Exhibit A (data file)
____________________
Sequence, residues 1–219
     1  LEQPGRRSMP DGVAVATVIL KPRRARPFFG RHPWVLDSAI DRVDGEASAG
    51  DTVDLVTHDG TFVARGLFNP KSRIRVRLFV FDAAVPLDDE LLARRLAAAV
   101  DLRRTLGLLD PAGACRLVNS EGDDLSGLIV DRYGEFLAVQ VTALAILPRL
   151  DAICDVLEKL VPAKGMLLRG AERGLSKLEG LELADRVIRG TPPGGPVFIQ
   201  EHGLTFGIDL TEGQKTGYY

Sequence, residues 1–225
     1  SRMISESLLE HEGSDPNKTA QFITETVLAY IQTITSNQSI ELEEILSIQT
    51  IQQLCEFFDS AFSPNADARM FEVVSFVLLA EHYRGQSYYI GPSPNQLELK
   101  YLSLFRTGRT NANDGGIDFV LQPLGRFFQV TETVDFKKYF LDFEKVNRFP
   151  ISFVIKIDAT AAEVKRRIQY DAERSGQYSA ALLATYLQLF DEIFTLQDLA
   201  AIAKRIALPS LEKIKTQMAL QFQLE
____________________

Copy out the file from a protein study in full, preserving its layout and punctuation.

Sequence, residues 1–219
     1  LEQPGRRSMP DGVAVATVIL KPRRARPFFG RHPWVLDSAI DRVDGEASAG
    51  DTVDLVTHDG TFVARGLFNP KSRIRVRLFV FDAAVPLDDE LLARRLAAAV
   101  DLRRTLGLLD PAGACRLVNS EGDDLSGLIV DRYGEFLAVQ VTALAILPRL
   151  DAICDVLEKL VPAKGMLLRG AERGLSKLEG LELADRVIRG TPPGGPVFIQ
   201  EHGLTFGIDL TEGQKTGYY

Sequence, residues 1–225
     1  SRMISESLLE HEGSDPNKTA QFITETVLAY IQTITSNQSI ELEEILSIQT
    51  IQQLCEFFDS AFSPNADARM FEVVSFVLLA EHYRGQSYYI GPSPNQLELK
   101  YLSLFRTGRT NANDGGIDFV LQPLGRFFQV TETVDFKKYF LDFEKVNRFP
   151  ISFVIKIDAT AAEVKRRIQY DAERSGQYSA ALLATYLQLF DEIFTLQDLA
   201  AIAKRIALPS LEKIKTQMAL QFQLE